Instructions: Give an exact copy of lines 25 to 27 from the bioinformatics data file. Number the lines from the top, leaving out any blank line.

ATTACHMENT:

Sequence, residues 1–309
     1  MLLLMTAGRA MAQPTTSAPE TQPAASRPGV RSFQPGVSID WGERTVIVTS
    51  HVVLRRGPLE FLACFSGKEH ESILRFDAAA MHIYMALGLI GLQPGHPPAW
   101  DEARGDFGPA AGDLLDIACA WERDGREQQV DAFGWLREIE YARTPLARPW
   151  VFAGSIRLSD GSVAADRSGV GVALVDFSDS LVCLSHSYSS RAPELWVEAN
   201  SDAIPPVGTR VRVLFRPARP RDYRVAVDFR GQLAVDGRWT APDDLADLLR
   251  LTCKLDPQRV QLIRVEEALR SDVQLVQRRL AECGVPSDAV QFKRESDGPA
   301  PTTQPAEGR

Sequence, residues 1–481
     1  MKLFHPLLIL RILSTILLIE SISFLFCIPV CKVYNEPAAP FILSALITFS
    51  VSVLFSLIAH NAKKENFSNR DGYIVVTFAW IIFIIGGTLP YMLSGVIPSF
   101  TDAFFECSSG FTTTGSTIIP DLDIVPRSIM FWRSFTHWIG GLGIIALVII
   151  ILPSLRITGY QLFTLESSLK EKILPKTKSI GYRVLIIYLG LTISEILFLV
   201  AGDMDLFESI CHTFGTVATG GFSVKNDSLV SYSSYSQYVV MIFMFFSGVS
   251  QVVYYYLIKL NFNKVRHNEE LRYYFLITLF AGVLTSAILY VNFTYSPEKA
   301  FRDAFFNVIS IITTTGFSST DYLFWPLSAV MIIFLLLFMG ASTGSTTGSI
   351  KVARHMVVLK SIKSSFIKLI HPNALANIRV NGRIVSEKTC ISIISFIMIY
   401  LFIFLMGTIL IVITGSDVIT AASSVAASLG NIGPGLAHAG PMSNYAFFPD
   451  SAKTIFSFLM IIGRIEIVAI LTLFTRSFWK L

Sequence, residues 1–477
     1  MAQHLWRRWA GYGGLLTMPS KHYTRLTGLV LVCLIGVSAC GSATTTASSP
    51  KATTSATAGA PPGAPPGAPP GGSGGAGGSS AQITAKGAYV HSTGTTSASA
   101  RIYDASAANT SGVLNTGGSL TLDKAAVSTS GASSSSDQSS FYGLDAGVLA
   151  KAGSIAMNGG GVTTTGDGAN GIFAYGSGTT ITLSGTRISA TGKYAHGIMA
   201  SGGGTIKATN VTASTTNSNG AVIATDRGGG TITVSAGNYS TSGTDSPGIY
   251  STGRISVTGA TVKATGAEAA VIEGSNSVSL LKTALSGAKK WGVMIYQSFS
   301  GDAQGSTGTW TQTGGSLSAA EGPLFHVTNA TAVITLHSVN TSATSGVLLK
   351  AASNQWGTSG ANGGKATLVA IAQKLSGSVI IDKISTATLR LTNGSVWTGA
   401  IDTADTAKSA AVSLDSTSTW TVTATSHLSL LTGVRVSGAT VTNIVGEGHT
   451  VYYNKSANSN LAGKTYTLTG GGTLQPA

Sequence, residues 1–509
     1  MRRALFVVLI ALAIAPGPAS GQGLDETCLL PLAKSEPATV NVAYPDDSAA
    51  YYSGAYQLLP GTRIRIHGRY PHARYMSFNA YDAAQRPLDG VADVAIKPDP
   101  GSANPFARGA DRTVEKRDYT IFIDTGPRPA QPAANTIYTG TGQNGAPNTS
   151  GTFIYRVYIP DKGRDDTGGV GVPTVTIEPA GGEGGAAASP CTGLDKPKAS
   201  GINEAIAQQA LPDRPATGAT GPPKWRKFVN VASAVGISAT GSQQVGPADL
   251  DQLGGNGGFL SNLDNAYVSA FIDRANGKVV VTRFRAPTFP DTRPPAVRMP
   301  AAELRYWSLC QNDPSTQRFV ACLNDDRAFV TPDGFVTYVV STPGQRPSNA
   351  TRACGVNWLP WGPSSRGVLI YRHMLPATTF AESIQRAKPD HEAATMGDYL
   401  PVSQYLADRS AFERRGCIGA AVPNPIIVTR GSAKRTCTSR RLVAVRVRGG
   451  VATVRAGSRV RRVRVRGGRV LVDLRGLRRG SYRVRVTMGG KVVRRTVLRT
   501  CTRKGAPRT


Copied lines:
   201  SGGGTIKATN VTASTTNSNG AVIATDRGGG TITVSAGNYS TSGTDSPGIY
   251  STGRISVTGA TVKATGAEAA VIEGSNSVSL LKTALSGAKK WGVMIYQSFS
   301  GDAQGSTGTW TQTGGSLSAA EGPLFHVTNA TAVITLHSVN TSATSGVLLK